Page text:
On-Page SEO: The Ultimate Checklist for 2019

Don’t let the title fool you. This is not “just another” on-page SEO checklist with a plain list of on-page SEO factors that you need to apply.

This is, in fact, a complete guide to all the crucial on-page SEO factors that make up the difference between an average optimized page vs. one that is super-optimized for SEO.

When we say it’s the “ultimate” on-page SEO checklist, we mean it!

For the purpose of clarity and convenience, we’re going to divide this checklist into three sections.

  • Browser/SERP Based Elements
  • Content Based Elements
  • Technical SEO/UX based Elements

Yup, that’s right! We’ve got some technical SEO elements here too. Strictly speaking, these elements are not a part of your on-page optimizations. However, due to recent changes in Google’s algorithm, some of these elements now have a direct impact on your on-page SEO.

Let’s dive right in!

On-Page SEO Checklist: Browser/SERP Based Elements

On-Page SEO Checklist - SERP

The first section we’re going to discuss is based on elements that have more to do with the browser and the SERPS (Search Engine Result Pages). However, due to their nature, these elements directly affect your on-page SEO. Let’s have a detailed overview of these elements.   

The Almighty Title Tag:

The title tag is one of the few elements that the visitors don’t usually notice once they’re on your page, yet it plays a vital role both in your on-page SEO, and in bringing traffic to your website from the search engine result pages.

Your title tag is the first thing potential site visitors will see in the SERPS when they search for the keywords you’re targeting. The title tag, along with the meta description, can make or break your organic traffic.

Write a captivating, meaningful title tag and a short and sweet meta description, and you’re likely to get tons of organic traffic (plus a high click-through rate, which also happens to be a ranking factor).

The other major role your title tag plays is telling Google what your page is all about. You should ALWAYS include your target keywords in the title tag. It’s best to put the keywords at the start because it has more weightage from an SEO standpoint.

Also, make sure to keep the length of your title tag under 60 characters, ideally under 55 characters. Longer title tags get truncated in the SERPs and result in a bad user experience.

On-page SEO Checklist - Title Tag

Finally, make sure to write a compelling and intriguing title that people would be likely to click on. It is ideal to keep your target keywords in the beginning, but do not compromise on the meaningfulness of your title tag because good user experience always comes first.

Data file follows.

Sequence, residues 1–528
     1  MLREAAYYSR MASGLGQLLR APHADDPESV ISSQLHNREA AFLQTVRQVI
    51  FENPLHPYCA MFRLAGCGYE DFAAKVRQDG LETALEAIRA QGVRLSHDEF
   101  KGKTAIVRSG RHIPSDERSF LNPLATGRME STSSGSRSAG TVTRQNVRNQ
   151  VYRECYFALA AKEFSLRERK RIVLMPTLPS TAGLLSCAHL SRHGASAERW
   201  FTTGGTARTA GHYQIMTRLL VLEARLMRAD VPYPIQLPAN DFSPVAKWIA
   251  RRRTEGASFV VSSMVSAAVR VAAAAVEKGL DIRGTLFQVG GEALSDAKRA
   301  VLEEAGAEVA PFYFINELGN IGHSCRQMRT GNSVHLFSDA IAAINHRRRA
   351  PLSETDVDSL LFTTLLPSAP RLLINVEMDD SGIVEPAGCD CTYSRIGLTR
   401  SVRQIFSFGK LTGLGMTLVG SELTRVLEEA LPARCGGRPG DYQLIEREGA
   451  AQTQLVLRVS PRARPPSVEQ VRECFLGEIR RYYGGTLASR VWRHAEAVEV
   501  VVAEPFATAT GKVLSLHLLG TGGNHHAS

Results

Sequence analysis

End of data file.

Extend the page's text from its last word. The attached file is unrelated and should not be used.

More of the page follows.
• Keep it short, sweet, and on-point. Make it enticing enough for people to click it.
  • Ideal length is under 55 characters.
  • Ideal place for keywords is right at the beginning of the title tag.

Fine-tune Your URLs:

URLs are also of great importance not only for on-page optimization, but for bringing traffic to your website as well. Make sure to always keep your URLs SEO-friendly, without compromising on user experience.

SEO-friendly URLs are short and always include the target keyword, ideally at the beginning. Google has already told us that the first 3-4 words in the URL are given more weightage, so it’s best to put your keywords right there. Also, it has been observed by many industry experts that shorter URLs tend to rank better than longer ones.

Most content management systems, such as WordPress, will automatically generate URLs for your pages. Make sure to never use those and instead go for custom, seo-friendly URLs. Including the keywords in the URL also helps in driving more traffic as the potential visitors will know what the page is all about.


  • Keep your URLs short and on-point.
  • Try using your keywords right at the beginning of the URL.
  • The URL should be descriptive enough for people to understand what the page is about.

Leverage Meta Descriptions:

Meta descriptions are a SERP level element. They are the small snippets of text that appear below your title tag and URL in the search result pages.

Google has been telling us for a long time that meta descriptions are not a ranking factor; however, they do have an indirect impact on your website’s SEO. A well-written meta description will entice visitors into clicking your link, resulting in a higher CTR (click-through rate) which is a direct ranking factor.